George Tabor Starr, best known by everyone as “Rabbit,” died Nov. 14, 2018. He was 73.
He was born Feb. 27, 1945, to the late George and Leona Goudy Starr. He was an enrolled member of the Muckleshoot Tribe and a descendant of the Yakama Nation. He entered into the U.S. Army in 1963 and was part of the First Airborne Division. After being honorably discharged, he returned home and worked as a logger until he started working for the Muckleshoot Indian Tribe in the Recreation Department. He was instrumental in mentoring youth in basketball, baseball and softball. He coached teams and participated in tournaments throughout Indian Country in Washington, Oregon and Idaho. He worked 30-plus years with the tribe as Recreation Director. When not coaching, he enjoyed being in the outdoors, in the mountains hunting or picking huckleberries or at the river fishing for salmon.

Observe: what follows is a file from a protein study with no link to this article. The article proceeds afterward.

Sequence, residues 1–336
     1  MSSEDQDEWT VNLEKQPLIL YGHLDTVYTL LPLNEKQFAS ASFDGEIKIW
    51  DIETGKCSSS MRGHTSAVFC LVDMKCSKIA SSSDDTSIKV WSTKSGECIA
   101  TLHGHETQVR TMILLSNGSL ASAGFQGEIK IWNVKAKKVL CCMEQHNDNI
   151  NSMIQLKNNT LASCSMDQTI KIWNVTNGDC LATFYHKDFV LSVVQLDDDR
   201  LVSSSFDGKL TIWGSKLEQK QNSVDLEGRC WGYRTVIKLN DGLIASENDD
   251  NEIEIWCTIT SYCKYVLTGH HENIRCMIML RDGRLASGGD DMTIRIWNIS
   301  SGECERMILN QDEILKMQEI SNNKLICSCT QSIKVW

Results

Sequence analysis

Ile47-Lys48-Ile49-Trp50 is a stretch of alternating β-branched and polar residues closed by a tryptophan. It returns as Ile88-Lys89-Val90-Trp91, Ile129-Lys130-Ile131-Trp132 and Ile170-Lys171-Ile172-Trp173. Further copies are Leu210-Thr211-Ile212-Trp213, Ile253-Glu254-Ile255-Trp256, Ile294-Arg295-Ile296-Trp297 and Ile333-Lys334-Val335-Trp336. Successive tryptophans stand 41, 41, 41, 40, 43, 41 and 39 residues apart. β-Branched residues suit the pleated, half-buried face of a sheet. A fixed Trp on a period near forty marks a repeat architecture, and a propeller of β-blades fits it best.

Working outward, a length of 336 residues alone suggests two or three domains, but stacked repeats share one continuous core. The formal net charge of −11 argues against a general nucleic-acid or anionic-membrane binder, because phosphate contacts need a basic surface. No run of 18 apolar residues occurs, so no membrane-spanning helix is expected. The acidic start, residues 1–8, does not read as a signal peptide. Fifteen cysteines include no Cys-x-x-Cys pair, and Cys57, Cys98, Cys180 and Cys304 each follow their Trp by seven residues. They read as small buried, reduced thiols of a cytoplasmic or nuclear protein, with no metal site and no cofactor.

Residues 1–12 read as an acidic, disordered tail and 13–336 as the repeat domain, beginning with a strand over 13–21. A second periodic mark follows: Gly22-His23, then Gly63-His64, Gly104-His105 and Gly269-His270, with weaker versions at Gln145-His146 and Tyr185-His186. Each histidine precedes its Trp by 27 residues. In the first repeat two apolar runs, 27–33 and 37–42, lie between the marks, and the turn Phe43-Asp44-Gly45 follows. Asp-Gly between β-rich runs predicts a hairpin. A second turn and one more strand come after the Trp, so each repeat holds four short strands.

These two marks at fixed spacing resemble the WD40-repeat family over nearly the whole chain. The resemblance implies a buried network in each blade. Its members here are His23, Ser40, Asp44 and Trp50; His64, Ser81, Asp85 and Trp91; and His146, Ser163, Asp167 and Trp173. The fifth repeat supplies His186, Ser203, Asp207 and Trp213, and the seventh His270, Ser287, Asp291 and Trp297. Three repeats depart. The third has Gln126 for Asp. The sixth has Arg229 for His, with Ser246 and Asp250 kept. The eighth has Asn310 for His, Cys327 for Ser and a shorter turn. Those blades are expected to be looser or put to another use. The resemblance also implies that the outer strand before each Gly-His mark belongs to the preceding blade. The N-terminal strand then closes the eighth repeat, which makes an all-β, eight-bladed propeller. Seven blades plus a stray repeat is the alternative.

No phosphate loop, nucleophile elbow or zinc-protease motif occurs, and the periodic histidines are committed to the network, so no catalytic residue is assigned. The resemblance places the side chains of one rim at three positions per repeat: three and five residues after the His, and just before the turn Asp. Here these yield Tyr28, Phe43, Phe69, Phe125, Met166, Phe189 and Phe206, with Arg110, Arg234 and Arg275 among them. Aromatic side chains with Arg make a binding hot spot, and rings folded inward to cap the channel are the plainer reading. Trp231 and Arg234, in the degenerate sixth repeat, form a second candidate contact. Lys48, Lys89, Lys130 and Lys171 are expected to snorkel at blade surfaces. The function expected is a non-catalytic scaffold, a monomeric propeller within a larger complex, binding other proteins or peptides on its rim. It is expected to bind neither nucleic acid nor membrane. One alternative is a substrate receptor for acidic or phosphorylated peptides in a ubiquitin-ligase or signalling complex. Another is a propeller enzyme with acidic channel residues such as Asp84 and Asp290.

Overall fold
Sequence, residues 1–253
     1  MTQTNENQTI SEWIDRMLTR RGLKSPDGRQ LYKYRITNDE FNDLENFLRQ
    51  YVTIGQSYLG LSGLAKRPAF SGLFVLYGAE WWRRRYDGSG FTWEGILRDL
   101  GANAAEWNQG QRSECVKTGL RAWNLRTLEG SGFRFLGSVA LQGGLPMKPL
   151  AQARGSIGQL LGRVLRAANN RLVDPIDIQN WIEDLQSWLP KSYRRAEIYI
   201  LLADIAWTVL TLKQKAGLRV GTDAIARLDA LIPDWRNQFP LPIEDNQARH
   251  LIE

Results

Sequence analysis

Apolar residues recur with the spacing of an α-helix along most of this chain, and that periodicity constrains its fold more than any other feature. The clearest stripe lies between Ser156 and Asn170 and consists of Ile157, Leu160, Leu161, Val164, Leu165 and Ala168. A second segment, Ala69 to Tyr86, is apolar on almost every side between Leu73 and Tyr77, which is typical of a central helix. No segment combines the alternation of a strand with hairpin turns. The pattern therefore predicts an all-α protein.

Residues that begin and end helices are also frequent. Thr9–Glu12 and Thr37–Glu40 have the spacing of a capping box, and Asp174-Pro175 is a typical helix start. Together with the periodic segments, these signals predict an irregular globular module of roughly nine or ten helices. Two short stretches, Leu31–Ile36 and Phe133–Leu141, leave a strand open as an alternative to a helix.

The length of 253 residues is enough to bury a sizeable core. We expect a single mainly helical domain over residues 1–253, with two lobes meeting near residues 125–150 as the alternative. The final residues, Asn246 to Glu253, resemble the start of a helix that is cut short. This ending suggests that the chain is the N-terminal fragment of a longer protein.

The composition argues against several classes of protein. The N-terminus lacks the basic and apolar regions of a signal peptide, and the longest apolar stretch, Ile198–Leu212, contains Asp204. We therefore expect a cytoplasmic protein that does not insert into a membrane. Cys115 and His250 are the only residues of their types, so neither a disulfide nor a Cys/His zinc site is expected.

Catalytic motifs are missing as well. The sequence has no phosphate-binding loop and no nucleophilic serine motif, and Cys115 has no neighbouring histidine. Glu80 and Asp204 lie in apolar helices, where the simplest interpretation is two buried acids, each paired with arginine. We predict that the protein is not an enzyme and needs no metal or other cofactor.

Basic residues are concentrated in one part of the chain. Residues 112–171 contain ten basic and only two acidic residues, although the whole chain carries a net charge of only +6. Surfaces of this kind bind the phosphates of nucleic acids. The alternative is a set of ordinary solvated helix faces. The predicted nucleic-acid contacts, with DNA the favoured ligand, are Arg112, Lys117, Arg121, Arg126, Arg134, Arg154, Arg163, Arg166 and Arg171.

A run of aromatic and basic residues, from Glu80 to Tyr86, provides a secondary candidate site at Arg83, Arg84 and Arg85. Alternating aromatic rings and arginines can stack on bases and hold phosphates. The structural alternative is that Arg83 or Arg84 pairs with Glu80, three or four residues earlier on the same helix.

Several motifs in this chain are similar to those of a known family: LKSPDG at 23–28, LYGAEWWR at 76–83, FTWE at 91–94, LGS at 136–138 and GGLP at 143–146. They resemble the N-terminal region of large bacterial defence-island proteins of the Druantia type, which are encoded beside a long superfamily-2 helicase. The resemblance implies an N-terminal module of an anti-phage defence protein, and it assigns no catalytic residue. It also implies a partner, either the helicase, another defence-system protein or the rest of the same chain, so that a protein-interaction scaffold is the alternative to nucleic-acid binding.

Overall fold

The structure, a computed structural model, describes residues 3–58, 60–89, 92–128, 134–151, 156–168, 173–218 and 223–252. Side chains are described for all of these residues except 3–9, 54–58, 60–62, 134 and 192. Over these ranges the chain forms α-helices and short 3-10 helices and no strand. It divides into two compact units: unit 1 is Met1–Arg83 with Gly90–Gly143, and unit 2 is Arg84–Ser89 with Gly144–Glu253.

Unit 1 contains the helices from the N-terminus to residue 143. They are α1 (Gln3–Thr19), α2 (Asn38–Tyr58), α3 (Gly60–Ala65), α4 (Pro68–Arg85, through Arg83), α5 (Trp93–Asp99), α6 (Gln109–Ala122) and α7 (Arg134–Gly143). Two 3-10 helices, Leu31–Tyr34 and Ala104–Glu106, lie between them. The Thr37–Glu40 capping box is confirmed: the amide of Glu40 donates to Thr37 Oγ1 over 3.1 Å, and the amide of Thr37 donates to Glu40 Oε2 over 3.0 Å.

He is survived by brothers Mike, Alfred, “Bobe” and Jack Starr all of Auburn; sisters “Dutchie” and Earnestine Starr, both of Auburn, and Regina “Titter” Howell of Toppenish, Washington; stepsons James Arms and Julius Arms Sr.; foster children Jeremy James, Roy Moreno, Faith Minthorn and Jessica “Missy” Henderson; and five grandchildren.
He was preceded in death by brothers Martin “Bear” and Melvin “Tuffy” Starr; grandparents Apas and Amy Goudy; uncles Herman Goudy, Norman “Jiggs” Starr, and Apas “JR” Goudy; aunt Regina Webber; and wife Diane Ross.
On Sunday, Nov. 18, his body departed Weeks Funeral Home in Buckley for the Muckleshoot Indian Shaker Church. Upon arrival, a candlelight service was conducted. His body remained overnight at the church for wake. Funeral services and viewing started at 8 a.m. Monday, Nov. 19, at Muckleshoot Shaker Church. Interment followed at Old White Lake Cemetery in Auburn.